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Mental Illness in the Justice System… What’s Working?

Mental illness among justice-involved individuals continues to be top-of-mind for justice professionals across the country.

According to an article from the National Conference of State Legislatures (2015) a report from the Bureau of Justice Statistics (BJS), states that more than half of those incarcerated in the United States have mental health issues.

In order to create effective change, courts need to build support services for individuals in need and promote equity throughout the criminal justice system. Judicial leaders need to come together to create a system that will improve judicial services for all. This includes pre-trial assessment services to evaluate individuals prior to incarceration, offering support counseling and services for people with emotional and substance issues, and providing education and training for judges, officers, legal counsel, and court personnel on practices related to interacting with individuals with behavioral health needs.

Many of these conversations are happening at correctional facilities, but by the time individuals make it to their local jail, several opportunities for intervention have already passed.

Maybe your jurisdiction is already working toward a solution. Maybe you don’t know where to start. Maybe you’re somewhere in between.

Regardless of where you are in your journey toward prioritizing mental health care, here are some considerations to get you moving in the right direction or give your efforts a refresh:

  1. Consider your stakeholders. Who is involved in conversations around mental illness in the justice system? Have you reached beyond court members? What other agencies have you engaged?
  2. Review the literature. While new ideas and approaches are needed in this space, it’s helpful to start by understanding what’s out there. Here are a few resources from the National Center for State Courts. We recommend NCSC’s National Judicial Task Force page, their Comprehensive Task Force Report, and one of their publications, What We Have Learned and What We Must Do! We also suggest listening to the story of Lewis County’s success with inter-agency collaboration.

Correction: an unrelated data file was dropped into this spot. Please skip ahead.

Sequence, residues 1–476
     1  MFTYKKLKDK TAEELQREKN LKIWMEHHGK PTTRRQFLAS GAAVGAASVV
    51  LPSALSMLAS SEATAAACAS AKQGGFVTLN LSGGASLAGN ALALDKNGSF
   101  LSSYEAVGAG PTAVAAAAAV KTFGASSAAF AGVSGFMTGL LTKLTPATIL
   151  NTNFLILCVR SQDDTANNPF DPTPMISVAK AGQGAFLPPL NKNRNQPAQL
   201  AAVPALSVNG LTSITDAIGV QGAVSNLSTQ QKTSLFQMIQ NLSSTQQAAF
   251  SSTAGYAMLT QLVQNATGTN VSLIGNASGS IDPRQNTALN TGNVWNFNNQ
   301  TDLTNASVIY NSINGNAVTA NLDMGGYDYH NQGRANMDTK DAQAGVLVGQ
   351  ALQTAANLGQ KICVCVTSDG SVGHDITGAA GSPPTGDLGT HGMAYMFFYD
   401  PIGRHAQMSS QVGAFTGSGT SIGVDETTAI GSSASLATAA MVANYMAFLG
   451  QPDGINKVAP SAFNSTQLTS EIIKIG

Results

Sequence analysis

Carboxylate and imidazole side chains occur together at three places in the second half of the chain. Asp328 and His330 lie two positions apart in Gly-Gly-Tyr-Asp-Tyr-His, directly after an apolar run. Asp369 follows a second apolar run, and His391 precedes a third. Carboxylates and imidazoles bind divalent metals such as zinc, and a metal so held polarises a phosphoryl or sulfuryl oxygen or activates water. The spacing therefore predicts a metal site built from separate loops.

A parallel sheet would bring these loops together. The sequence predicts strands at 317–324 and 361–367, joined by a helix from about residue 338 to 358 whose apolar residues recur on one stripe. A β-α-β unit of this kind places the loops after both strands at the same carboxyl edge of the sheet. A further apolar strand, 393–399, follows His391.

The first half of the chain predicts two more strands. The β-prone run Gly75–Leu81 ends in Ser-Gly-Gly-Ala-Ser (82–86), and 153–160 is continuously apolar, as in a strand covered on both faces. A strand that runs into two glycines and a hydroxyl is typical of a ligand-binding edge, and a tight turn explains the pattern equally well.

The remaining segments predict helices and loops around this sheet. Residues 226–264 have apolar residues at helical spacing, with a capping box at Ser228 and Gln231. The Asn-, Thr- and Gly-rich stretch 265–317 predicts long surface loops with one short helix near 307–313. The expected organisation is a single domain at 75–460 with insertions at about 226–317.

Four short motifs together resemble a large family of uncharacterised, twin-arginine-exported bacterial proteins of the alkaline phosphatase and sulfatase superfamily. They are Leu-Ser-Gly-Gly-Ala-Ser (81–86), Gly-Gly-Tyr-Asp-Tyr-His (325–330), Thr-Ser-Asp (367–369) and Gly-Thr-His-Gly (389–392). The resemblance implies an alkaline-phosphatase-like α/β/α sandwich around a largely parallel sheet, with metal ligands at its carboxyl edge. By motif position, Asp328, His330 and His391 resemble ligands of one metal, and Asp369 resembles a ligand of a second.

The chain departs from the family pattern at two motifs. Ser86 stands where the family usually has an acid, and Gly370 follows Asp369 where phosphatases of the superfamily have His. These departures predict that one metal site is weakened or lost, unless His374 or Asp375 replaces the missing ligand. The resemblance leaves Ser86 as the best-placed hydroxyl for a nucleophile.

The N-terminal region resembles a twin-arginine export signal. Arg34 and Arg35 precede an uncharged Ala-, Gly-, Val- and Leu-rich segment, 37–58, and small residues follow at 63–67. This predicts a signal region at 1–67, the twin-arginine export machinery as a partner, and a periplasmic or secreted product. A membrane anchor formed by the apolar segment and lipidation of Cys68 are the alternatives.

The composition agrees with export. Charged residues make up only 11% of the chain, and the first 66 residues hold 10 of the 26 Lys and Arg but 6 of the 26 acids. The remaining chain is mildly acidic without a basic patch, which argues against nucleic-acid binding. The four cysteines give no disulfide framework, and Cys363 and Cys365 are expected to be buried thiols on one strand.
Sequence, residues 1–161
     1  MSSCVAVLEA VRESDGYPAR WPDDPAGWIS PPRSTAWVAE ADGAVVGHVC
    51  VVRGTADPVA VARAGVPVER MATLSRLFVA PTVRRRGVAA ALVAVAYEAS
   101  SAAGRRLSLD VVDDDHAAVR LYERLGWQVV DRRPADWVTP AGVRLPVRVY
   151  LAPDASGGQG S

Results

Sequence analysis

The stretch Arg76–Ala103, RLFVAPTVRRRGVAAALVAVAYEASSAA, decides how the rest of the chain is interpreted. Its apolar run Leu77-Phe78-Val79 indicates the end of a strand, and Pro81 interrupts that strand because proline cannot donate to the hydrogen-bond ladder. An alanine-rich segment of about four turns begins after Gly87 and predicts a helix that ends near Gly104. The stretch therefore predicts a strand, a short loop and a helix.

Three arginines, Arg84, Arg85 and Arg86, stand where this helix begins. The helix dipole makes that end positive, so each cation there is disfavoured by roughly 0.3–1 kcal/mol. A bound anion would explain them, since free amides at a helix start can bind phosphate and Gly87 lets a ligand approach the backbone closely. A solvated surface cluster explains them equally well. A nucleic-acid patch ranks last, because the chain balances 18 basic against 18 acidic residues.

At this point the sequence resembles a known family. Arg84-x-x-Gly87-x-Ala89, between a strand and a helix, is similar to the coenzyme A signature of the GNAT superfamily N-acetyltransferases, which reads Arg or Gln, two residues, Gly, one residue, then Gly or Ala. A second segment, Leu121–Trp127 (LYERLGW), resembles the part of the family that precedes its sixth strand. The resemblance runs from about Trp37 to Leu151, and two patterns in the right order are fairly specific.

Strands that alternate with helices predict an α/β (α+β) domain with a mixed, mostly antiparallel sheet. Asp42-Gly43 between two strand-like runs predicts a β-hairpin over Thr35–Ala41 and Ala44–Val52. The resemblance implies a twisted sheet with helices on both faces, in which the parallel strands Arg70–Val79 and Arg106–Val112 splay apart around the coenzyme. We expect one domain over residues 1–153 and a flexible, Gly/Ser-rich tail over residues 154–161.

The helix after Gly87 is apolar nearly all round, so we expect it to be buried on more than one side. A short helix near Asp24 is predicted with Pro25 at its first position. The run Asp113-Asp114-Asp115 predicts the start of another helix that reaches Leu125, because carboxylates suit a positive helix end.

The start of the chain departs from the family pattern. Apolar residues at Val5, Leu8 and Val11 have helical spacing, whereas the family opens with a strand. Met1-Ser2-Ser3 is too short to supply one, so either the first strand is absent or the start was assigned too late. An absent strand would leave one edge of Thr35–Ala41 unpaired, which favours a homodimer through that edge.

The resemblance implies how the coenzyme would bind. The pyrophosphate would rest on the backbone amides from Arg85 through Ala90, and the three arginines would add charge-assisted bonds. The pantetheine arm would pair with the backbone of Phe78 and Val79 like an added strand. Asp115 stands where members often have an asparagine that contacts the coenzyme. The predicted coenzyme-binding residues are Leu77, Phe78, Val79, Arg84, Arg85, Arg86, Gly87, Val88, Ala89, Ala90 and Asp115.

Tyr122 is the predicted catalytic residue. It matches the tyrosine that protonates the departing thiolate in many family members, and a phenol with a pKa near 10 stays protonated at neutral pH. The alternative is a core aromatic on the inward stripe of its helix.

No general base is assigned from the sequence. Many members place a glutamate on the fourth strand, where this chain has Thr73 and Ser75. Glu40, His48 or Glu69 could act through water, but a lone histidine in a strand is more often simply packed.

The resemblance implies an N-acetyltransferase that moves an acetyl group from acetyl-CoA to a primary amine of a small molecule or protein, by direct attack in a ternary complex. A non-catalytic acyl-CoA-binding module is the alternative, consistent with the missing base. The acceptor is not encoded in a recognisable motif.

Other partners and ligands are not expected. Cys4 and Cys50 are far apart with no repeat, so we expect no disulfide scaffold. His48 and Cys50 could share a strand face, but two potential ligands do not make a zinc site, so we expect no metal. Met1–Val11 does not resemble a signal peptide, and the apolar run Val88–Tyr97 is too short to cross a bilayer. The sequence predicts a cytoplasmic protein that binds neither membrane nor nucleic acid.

3. Understand your local situation. What are your jurisdiction’s challenges? What has been tried in the past? What data do you have on what worked, what didn’t work, and why? What are your judges saying about their needs and challenges? What data are you currently collecting, what are you assessing, and where are your gaps?
  4. Map out the systems. Map the intersections among the justice system, involved agencies, and mental health systems in your community. Use The Sequential Intercept Model, adopted by the NCSC, to structure your thought process and start to identify gaps and overlaps.
  5. Begin the work of change. This will look different depending on your situation, and it typically starts with an idea and ends with data. Start considering how you can affect early intervention of individuals with behavioral health needs, what screening and assessment can be done early in the process, and what best practices can be initiated in pretrial, prosecution, defense, and jail practices. The NCSC article National Judicial Task Force to Examine State Courts’ Response to Mental Illness offers a number of viable solutions to help you get started.

Too many courts start with Step #5 and jump right into brainstorming and problem-solving. The problem-solving needs to happen, no doubt, but it’s important to lay a proper foundation for your plan and ensure the right voices and resources are being considered.

What’s our role in all this? We’re committed to bringing equity to the justice system through technology. Our solutions can seamlessly integrate with your preferred assessment services to provide staff with details on an individual’s history for effective management of that individual to ensure they receive an equitable judgment based on a more complete history to ensure they get the help they require.

We’re experts in assessment and data, and no matter what path your community chooses, we’re here to support you. Get in touch today. We’re here, and we’re ready for you.